Arab foreign ministers discuss Jerusalem at Jordan meeting

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Arab foreign ministers met in Jordan on Saturday to discuss US President Donald Trump’s decision to recognize Jerusalem as the capital of Israel.

Following the meeting, Saudi Foreign Minister Adel al-Jubeir said the Saudi kingdom’s stance regarding Jerusalem as the capital of Palestine is fixed and has not changed.

He added that strong cooperation with Jordan is what confronted Iran’s interferences in the region’s affairs.

Meanwhile, Jordan’s Foreign Minister Ayman Al-Safadi said there is no security in the region without having a Palestinian state with Jerusalem as its capital.

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Safadi reiterated Jordan’s rejection of recognizing Jerusalem as the capital of Israel and said the Arab League will work on gaining the world’s recognition of the State of Palestine with Jerusalem as the capital.

“There will be no security in the region without the two-state solution,” he also said, adding that the Arab League tasked Jordan with communicating with other states regarding the issue of Jerusalem.

Arab League Secretary General Ahmed Aboul Gheit, who also attended the meeting, said it was a must to commit to the peace process references.

The meeting which was held in Amman included the foreign ministers of Jordan, Palestine, Saudi Arabia, Egypt, the United Arab Emirates and Morocco.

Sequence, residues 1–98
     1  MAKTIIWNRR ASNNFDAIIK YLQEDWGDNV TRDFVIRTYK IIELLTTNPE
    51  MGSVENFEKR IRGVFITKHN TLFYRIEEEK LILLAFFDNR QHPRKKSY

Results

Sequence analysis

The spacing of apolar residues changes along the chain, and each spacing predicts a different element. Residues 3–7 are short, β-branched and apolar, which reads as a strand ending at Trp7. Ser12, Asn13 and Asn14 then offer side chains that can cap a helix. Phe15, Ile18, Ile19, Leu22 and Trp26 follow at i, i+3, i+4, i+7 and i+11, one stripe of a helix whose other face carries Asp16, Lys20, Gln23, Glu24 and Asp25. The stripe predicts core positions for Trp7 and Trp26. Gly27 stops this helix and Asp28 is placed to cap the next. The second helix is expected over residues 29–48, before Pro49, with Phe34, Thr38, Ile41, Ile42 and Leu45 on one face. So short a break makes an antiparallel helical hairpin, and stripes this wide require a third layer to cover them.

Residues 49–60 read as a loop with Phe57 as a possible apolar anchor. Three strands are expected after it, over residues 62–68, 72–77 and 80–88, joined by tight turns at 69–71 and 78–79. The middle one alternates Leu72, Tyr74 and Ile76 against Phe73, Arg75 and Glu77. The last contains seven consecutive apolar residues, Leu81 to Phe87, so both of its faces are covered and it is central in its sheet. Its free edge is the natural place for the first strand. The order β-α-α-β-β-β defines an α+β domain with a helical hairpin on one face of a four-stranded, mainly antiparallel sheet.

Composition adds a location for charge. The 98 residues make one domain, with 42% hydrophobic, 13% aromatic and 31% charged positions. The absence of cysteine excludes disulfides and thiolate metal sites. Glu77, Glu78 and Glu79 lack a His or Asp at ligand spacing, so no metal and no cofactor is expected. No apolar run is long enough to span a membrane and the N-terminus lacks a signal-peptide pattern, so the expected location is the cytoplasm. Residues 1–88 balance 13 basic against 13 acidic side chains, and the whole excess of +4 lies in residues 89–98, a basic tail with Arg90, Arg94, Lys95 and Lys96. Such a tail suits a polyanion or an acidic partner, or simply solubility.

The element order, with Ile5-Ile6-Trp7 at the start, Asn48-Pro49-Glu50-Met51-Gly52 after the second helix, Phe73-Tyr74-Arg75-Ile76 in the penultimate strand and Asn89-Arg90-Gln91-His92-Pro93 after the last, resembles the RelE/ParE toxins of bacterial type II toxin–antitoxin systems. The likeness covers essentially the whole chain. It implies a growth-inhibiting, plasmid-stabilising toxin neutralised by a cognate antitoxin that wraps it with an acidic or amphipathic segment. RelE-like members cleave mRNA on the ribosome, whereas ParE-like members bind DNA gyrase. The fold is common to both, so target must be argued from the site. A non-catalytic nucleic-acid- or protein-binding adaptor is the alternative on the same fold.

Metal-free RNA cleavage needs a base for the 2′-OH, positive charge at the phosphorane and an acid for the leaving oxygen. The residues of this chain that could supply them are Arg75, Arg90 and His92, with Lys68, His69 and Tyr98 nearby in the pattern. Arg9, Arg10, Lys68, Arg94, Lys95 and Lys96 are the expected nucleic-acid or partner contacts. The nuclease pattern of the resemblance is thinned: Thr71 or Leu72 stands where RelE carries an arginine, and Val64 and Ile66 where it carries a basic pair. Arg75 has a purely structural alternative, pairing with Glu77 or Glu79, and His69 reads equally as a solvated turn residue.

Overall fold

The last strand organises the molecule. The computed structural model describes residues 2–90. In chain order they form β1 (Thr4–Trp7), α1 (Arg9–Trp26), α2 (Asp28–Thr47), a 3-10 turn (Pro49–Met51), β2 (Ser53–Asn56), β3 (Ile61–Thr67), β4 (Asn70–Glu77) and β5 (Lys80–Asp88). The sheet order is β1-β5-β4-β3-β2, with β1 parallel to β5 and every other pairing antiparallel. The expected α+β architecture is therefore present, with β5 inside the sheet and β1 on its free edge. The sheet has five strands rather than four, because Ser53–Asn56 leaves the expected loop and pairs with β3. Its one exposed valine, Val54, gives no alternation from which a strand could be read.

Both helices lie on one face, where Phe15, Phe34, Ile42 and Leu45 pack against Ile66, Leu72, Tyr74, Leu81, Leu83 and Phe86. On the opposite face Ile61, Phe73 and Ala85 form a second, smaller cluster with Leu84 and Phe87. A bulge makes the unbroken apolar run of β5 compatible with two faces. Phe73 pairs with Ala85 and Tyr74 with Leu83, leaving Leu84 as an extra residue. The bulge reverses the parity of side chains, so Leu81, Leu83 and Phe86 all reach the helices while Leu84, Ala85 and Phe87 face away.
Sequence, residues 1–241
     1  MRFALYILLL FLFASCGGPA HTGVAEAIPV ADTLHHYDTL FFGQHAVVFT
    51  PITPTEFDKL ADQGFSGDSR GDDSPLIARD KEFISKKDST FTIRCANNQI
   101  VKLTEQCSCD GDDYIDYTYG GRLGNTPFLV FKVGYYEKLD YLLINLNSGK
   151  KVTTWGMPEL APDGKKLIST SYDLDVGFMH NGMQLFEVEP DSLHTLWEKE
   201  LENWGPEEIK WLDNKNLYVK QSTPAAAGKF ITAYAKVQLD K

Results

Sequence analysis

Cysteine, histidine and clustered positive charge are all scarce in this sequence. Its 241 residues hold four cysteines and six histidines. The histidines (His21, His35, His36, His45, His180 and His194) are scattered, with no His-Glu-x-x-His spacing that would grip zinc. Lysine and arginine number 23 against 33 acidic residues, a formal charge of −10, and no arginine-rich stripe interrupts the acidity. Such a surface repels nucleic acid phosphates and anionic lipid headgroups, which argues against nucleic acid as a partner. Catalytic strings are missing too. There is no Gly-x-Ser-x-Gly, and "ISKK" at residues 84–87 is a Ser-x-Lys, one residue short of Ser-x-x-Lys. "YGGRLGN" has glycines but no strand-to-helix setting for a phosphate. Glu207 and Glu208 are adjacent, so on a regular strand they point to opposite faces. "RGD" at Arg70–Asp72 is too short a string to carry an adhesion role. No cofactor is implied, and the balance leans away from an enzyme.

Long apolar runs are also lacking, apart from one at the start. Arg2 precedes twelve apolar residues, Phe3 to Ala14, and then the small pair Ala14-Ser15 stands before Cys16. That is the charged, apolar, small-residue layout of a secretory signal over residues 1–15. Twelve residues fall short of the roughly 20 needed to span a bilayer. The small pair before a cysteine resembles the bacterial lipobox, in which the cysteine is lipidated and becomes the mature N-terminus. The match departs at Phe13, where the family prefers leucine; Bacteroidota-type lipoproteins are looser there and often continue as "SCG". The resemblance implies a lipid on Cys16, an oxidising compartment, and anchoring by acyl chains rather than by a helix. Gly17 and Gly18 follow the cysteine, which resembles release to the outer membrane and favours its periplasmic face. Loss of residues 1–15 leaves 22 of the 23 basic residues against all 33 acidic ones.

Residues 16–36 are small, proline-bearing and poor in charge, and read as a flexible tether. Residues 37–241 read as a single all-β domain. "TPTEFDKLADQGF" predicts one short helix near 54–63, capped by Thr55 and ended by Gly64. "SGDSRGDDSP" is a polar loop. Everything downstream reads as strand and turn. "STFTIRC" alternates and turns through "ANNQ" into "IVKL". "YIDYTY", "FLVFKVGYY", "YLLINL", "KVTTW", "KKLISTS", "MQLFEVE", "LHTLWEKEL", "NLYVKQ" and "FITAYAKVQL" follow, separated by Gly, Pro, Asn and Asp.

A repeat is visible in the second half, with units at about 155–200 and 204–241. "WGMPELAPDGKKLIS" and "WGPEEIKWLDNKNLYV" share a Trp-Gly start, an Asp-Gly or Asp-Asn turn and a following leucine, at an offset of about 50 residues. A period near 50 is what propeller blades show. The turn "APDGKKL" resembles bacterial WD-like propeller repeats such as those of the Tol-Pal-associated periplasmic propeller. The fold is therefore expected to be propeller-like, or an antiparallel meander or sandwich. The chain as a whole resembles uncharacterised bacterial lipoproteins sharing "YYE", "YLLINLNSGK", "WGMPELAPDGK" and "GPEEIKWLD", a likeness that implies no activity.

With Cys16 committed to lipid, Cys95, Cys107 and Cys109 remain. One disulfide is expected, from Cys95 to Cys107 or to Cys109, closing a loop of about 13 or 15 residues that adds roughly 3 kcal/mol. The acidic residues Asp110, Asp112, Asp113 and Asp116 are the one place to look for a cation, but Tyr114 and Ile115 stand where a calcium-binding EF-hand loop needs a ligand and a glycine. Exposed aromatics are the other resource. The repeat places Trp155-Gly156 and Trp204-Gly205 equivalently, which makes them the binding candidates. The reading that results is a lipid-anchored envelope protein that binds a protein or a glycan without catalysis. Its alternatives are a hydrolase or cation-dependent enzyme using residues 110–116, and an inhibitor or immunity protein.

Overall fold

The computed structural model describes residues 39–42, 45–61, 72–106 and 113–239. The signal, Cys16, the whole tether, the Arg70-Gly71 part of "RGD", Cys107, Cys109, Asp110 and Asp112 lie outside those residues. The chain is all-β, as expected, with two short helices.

US President Donald Trump’s controversial decision in December to recognize Jerusalem as Israel’s capital sparked protests in Arab and Muslim countries and was rejected in a non-binding UN General Assembly resolution.

Most contentious issue

Jerusalem’s status is among the most contentious issues in the Israeli-Palestinian conflict.

Israel occupied east Jerusalem and the West Bank in 1967 and later annexed east Jerusalem in a move never recognized by the international community.

Israel claims all of Jerusalem as its united capital, while the Palestinians see the eastern sector as the capital of their future state.

Safadi said Arabs have three main goals, including invalidating Trump’s decision.

“According to international law, Jerusalem is an occupied land,” he said.

Earlier Saturday, Jordan’s King Abdullah II met the Arab diplomats and said “the question of Jerusalem must be resolved within the framework of a just and lasting peace agreement between Palestinians and Israelis”.

Jordan signed a peace treaty with Israel in 1994, and is the custodian of Muslim holy sites in Jerusalem.

The kingdom has been rocked by anti-US and anti-Israeli protests in the wake of Trump’s decision, and has accused the US president of violating international law.

- With AFP